Tag Archives: smithsonian

Curiosity Kills the Cat, but Not the Writer….

Woodpecker - Paper Sculpture by Diana Beltran Herrera

Woodpecker – Paper Sculpture by Diana Beltran Herrera

I love getting newsletters from Smithsonian magazine emailed to me once a week – they send links to their articles and I usually find a thing or two (or three or four or more) to think about and explore further.  I subscribe to the print magazine, too;  it’s the one I reach for first when the mail brings me lots of heady reading. I have a thick folder in my file cabinet that’s just for articles I’ve torn out from their pages. This week, it was the beautiful birds of paper sculptor Diana Beltran Herrera (see link below.) I sent the link on to my sister, who also likes such things and whose intellectual curiosity and capacity for wonder inspire me. It seems to me that the bottom line for all artists is curiosity, no?  If you want to be a better writer, try being more curious about the world and the way it works.

Here, then, are links to some recent Smithsonian articles (and there are links within those articles – you can get lost inside it all.)  I hope they set you wandering and wondering…and writing!  Just click on the description:

1. Paper robins, woodpeckers, cardinals, kingfishers…

Robin in flight...

Robin in flight…

2. An insect with “mechanical” gears…

3.  …and a mechanical insect! (this one is from the archives)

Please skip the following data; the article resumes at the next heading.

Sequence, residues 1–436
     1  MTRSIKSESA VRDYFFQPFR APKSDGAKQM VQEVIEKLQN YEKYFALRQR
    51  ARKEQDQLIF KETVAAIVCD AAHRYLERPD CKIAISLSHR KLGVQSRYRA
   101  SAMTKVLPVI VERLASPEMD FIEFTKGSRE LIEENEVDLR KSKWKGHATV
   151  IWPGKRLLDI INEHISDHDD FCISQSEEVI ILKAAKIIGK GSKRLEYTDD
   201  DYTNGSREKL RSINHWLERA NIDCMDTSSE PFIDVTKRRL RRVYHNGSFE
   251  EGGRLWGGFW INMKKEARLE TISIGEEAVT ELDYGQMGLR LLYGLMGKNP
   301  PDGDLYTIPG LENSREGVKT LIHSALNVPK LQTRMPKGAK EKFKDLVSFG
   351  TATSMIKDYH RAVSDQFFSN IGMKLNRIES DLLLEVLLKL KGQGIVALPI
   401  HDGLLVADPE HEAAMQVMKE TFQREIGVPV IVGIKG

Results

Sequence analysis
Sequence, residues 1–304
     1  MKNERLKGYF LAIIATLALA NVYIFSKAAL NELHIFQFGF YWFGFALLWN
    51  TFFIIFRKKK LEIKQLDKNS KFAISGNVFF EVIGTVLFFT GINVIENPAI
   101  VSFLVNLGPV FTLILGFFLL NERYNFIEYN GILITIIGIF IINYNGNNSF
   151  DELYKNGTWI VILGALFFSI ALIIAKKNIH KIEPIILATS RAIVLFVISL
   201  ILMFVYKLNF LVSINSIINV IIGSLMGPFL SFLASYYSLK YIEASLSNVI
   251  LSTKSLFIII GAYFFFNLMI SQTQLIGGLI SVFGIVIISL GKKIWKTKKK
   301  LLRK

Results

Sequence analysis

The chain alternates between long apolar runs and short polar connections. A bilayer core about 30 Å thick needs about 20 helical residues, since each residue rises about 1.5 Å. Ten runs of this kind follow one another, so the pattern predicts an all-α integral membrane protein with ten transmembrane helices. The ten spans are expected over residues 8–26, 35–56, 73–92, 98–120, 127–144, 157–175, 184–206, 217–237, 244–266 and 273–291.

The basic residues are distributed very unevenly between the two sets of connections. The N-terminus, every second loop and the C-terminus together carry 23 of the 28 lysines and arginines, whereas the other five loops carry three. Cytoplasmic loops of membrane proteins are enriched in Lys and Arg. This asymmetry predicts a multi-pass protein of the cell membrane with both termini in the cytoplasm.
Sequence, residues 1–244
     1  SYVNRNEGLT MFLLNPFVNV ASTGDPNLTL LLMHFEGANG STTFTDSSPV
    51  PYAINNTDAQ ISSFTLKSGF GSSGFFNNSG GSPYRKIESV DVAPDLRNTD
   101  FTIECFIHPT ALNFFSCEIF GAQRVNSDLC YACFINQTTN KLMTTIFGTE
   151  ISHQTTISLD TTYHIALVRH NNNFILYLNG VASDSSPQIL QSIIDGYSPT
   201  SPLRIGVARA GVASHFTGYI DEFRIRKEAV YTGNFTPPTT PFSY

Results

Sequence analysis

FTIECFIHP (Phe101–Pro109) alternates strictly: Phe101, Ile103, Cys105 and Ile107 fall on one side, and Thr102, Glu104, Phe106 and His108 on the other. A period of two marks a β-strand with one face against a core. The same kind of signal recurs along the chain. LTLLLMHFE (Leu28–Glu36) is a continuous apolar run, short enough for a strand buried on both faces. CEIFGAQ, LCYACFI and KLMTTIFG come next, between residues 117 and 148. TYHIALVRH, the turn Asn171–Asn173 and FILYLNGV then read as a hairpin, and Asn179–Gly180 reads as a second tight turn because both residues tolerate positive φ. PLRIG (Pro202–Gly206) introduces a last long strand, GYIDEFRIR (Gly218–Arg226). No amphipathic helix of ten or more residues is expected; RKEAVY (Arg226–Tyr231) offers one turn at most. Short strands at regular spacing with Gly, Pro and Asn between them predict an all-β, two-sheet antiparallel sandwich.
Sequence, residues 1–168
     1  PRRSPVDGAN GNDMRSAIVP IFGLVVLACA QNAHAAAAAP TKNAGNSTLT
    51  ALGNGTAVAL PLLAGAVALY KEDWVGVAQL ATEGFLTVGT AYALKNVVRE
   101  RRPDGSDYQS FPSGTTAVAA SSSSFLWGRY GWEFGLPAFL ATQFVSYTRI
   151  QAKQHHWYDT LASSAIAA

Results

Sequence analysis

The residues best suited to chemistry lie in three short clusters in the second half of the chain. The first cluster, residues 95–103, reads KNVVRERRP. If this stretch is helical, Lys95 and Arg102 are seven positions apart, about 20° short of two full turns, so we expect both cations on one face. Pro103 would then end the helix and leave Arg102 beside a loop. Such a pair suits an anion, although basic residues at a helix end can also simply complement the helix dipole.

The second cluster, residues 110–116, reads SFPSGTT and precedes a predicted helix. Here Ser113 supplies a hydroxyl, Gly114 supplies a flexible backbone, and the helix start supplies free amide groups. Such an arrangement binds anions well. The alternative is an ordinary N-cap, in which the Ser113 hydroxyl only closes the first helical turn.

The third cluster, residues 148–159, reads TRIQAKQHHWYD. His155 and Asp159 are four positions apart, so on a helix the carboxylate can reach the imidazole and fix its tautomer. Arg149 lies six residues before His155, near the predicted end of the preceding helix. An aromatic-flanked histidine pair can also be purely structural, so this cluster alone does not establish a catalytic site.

Man-made beetle...

Man-made beetle…

4. A “sonic bloom” at the Seattle Center

Sonic-Bloom-Dan-Corson

5. Making music with the Brooklyn Bridge …

6. Shooting frozen flowers? (Who would even think of it? Eerie and beautiful…)

Frozen Flower, Shot

Frozen Flower, Shot

7. Repairing memories and changing memories…

"Each time a memory is recalled, the brain rebuilds it."

“Each time a memory is recalled, the brain rebuilds it.”

8. There’s an exhibition of Brian Skerry’s photography up at the Smithsonian in Washington D.C. right now. Here’s a slideshow of his work. 

This is how you photograph a whale...

This is how you photograph a whale…

(By the way, it doesn’t take much to support our wonderful national museum – just $19 and you automatically get a subscription to the magazine.  Click here to visit their website and become a member.)

****

The word is so full of a number of things,

I’m sure we should all be as happy as kings.

Robert Louis Stevenson

Maps: Textiles, Textures, Texts

Image

“Lost Boat” – Leah Evans

I love the Smithsonian. Visiting it several years ago was one of the highlights of my traveling life, and I am feeling the pull of it again. I subscribe to the Institute’s magazine, I get their newsletter emailed to me, and I am swooning this week (I have prolonged swoons) about this exhibit of the work of Leah Evans.

Imagine: Quilt maps! Abstract charts of of soil surveys, lost boats, cranberry farms, satellite photos. All made out of fabric. How do artists do it, keep finding their voices in the most unexpected places?

I admit to loving maps. No matter what material they are made of – from parchment (think Magellan, think terra incognita, think Here be dragons) to satellites in space  (think Google Earth) to textiles (think Leah Evans) to wood (think State Park and “You are here”) to the voice on the GPS device (“In 200 yards turn right on Northeast 75th St.” – if you don’t follow directions think  “Recalibrating….recalibrating…”) maps give us a sense of where we stand – at times literally, at other times metaphorically –  in the world.